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City of Washington designated 'dementia friendly.' Here's what that means

A fountain sits in front of businesses in Washington's town square.
Tim Shelley
This fountain is at the middle of Washington's town square. Manier says businesses throughout the square and town will undergo training to provide more support for community members with dementia.

Washington is officially designated as a “dementia friendly city.”

Mayor Gary Manier says the title comes from the organization Dementia Friendly America. Washington is one of 30 cities in Illinois with the distinction and Manier says it’s the only one within a six-county radius in Central Illinois.

“It's just an opportunity for us to remind people that we are here to help,” said Manier. “This will actually, you know, police, fire, our businesses, we will try to get everybody to take that training to recognize those that have dementia.”

The training is provided by Dementia Friendly America and can be done in meetings or online. Manier says the city’s first responders have all received the training or will receive it. Washington businesses can take the course online and receive a sticker from the organization marking them as a “dementia friendly business.”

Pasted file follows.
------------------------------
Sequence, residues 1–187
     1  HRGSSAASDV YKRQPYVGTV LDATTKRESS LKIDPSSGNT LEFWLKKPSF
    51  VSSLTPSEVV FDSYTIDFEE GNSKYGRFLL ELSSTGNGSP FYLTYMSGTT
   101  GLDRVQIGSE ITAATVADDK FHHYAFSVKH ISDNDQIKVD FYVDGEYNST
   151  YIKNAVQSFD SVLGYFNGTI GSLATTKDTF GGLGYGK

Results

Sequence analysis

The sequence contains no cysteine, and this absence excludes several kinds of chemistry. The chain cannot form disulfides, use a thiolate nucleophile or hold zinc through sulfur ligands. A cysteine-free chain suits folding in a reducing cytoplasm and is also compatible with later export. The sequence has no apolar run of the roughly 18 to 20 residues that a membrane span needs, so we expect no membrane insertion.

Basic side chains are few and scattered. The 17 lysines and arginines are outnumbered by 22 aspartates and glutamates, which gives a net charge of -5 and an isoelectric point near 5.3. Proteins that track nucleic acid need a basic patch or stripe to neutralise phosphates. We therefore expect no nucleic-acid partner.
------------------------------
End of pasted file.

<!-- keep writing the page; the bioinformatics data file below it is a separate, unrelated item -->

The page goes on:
“It's just a matter of how to recognize someone that may be suffering from this awful disease that they have,” said Manier. “And we want to help them in every way we can. And if it's just a matter of a simple bank withdrawal or buying something at one of our stores on the square, if the people can recognize it, it'd be very helpful.”

Manier gives examples of helping people with dementia make a purchase, find their car, or return home after getting lost.

You can find more information about the program, and how other cities can get the designation here.

Collin Schopp is a reporter at WCBU. He joined the station in 2022.